Poisoning threat puts shellfish off limits

By Lindy Laird of The Northern Advocate -
Photo / File
Photo / File

The threat of paralytic shellfish poisoning means eating shellfish from much of Northland's west coast is akin to playing Russian roulette, Northland's Medical Officer of Health says.

Most shellfish species from the Kaipara Harbour north to Maunganui Bluff remain off limits, Jonathan Jarman said.

Kina, mussels, toheroa, pipi, tuatua, oysters, cockles and scallops in the affected area should not be eaten. Paua, crab and crayfish may be eaten if the gut has been completely removed before cooking.

While there have been no confirmed case of toxic shellfish poisoning in Northland for many years, it can potentially be a very serious disease, Dr Jarman said.

At least 20 people have been poisoned after eating toxin-carrying shellfish collected in the Bay of Plenty last week, with 10 hospitalised and four still seriously ill in hospital.

"People have died overseas. Eating shellfish from areas with shellfish warnings is like shellfish Russian roulette," Dr Jarman said.

"The toxin in paralytic shellfish poisoning is very powerful. It is not affected by cooking and stays just as potent.''

The first symptom is numbness in and around the mouth within 20 to 60 minutes of eating affected shellfish.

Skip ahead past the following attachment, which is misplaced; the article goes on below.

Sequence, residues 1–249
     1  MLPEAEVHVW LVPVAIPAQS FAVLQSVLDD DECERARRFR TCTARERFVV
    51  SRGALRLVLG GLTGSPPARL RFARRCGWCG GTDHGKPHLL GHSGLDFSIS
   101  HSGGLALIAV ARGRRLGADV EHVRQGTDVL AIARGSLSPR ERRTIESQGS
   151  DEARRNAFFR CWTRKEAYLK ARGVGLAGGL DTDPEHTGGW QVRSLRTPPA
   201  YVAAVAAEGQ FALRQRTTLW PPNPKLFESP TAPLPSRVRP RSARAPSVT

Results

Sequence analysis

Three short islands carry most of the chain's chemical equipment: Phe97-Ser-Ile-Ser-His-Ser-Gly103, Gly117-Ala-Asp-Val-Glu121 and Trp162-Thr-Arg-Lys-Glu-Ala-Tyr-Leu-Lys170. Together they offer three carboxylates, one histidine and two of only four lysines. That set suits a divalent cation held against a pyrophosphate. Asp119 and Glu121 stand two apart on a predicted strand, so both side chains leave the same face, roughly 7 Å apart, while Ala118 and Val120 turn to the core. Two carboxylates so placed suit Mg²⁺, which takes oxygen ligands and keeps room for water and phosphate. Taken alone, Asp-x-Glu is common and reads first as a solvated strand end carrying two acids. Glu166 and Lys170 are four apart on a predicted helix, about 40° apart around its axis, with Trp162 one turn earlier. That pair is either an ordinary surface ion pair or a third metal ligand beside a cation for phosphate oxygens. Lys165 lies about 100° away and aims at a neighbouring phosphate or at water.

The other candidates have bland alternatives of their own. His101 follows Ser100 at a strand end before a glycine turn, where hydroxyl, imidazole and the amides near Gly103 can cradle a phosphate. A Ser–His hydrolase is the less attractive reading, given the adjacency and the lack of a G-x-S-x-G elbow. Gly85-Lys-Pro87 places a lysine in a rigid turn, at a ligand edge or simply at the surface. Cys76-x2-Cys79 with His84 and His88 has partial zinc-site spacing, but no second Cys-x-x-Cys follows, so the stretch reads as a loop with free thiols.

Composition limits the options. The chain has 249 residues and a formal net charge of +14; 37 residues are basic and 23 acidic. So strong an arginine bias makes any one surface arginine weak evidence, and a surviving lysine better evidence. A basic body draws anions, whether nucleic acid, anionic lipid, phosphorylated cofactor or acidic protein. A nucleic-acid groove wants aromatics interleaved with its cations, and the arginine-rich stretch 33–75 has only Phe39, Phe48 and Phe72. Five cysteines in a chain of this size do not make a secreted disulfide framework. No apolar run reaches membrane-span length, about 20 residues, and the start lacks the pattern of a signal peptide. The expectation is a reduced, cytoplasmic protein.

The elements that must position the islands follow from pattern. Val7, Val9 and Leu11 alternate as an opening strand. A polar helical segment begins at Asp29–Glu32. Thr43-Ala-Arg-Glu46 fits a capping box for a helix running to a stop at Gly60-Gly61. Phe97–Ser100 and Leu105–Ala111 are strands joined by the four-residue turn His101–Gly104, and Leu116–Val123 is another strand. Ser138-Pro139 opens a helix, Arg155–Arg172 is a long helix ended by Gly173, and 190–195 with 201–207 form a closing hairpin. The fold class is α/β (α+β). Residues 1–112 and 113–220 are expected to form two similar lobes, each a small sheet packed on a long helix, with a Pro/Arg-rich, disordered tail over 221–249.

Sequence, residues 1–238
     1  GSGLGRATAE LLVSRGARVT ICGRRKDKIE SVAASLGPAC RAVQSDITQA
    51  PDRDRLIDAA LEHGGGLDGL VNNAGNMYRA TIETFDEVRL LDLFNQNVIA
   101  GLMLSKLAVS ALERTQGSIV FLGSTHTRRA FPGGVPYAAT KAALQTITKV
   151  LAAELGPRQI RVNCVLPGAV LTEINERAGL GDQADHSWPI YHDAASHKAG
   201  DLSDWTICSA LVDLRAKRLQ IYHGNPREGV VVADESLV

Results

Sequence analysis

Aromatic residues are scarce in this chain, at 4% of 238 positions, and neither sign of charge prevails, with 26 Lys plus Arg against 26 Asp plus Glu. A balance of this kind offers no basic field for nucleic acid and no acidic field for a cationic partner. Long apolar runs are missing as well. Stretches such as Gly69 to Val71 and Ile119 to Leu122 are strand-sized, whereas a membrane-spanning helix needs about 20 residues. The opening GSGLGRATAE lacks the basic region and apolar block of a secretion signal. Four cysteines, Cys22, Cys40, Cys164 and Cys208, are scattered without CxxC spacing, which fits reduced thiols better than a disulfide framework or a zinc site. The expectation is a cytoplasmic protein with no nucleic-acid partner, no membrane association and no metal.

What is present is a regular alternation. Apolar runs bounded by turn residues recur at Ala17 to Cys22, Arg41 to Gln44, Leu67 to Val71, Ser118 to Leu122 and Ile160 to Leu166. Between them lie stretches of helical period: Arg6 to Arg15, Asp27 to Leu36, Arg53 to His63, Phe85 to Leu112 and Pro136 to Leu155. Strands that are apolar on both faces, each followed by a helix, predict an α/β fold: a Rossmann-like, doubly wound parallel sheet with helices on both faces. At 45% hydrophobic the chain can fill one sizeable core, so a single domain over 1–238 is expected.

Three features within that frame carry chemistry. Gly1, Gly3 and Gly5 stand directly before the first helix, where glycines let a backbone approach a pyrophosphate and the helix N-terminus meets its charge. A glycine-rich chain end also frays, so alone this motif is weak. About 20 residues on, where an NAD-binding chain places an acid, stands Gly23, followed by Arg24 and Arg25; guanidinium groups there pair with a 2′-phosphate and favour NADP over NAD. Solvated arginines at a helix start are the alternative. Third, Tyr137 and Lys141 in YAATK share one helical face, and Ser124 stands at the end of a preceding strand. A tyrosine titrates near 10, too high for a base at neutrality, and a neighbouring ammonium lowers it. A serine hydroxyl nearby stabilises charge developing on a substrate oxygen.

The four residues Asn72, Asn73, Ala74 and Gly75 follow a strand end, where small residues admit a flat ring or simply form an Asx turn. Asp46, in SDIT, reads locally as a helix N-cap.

This numbness spreads to the face and neck and may be followed by difficulty swallowing or breathing, dizziness, double vision and - in severe cases - paralysis and respiratory failure.

The Ministry of Primary Industries (MPI) is also warning people they risk their lives if they eat shellfish from areas where warnings are in place.

Algal blooms occurring at some places on both coasts of the North Island are causing some shellfish to become poisonous, MPI principal adviser Jim Sim said.

"Unfortunately shellfish can be toxic for many months and this is a particular problem for tuatua,'' Mr Sim said.

"It's impossible to tell from looking at the shellfish which is toxic and which is not, so when warnings go out people need to take note and act accordingly.''

New Zealand's commercially harvested shellfish are safe to eat because a marine biotoxin monitoring programme ensures commercial operators don't harvest from areas affected by toxic blooms.

Anyone suffering signs of illness after eating shellfish should seek urgent medical attention, and if possible keep any leftover shellfish for testing.

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